For clarifying the effect of different Cu contents in Cu/SAPO-34 explicitly, the physical properties of samples are summarized in Table 1. It is notable that the Cu/Si atom ratios of Cu/SAPO-34 catalysts were quite different from these of precursor solution, but the trend was inconsistent. It indicated that only a part of Cu could enter into the pore and the skeleton of SAPO-34. In addition, it can be seen from Table 1 that the range of grain sizes of the Cu/SAPO-34 catalysts became smaller as the Cu/Si ratio increases from 0 to 0.2. The smaller grain sizes may be beneficial to the catalytic activity. The sample (Cu/Si = 0.2) has the highest crystallinity and the smallest grain sizes among the six samples, which is consistent with its high de-NOx activity.
3.2. Activity Test of Pd Modified Cu/SAPO-34
For further improving the de-NOx activity of the Cu/SAPO-34 catalysts, the noble metal Pd was introduced into the Cu/SAPO-34 catalysts with Cu/Si = 0.05 and 0.2 by impregnated using Pd(NO3)2 as precursor. The Pd loading on catalyst was 0.5% (denoted as PdCu/SAPO-34). Figure 4 illustrates the NO conversions of the PdCu/SAPO-34 catalysts. The experimental GHSV is 40,000 h−1, which is close to the real diesel engine exhaust.
When C3H6 was used as reducing agent and the temperature was below 300°C, the NO conversions of the PdCu/SAPO-34 catalysts were similar to the samples without Pd. However, when the temperature rises from 300°C to 600°C, the advantage of Pd became significant. The NO conversions of PdCu/SAPO-34 catalysts were much higher than these of Cu/SAPO-34 catalysts and it can reach to around 70%. It is also found that the de-NOx activities of the PdCu/SAPO-34 catalysts with Cu/Si = 0.2 were superior to these of Cu/Si = 0.05, especially, at the higher temperature.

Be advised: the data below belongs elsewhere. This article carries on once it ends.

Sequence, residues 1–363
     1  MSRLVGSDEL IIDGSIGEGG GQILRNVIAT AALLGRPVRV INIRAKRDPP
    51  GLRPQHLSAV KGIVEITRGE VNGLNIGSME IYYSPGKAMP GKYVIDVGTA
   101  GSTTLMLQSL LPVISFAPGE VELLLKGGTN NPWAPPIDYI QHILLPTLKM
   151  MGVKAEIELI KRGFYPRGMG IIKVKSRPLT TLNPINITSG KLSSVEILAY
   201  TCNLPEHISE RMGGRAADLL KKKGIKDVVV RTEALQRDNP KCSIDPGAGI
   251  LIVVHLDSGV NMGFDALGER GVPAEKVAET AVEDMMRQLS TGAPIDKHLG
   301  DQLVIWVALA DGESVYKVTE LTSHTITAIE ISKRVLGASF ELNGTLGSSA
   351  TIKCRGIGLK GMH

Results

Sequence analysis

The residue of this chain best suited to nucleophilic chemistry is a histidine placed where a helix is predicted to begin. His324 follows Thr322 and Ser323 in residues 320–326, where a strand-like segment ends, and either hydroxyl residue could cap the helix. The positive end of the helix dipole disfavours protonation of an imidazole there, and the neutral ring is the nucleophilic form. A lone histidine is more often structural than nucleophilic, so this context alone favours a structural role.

When NH3 was used as reducing agent, the NO conversions of the PdCu/SAPO-34 catalysts were similar to those of the Cu/SAPO-34 catalysts, especially, at the low temperature. The de-NOx activities of the PdCu/SAPO-34 catalysts with Cu/Si = 0.2 were higher than these with Cu/Si = 0.05, and the maximum of the NO conversion can reach to 90%. That is because the reaction between NH3 and NO with low activation energy is quite easy . According to the previous reports , the ammonium ion would react with the NO-Pd2+ species to give N2. Similarly, the activity of the Pd modified Cu/SAPO-34 samples was superior to those without Pd, especially, at the high temperature.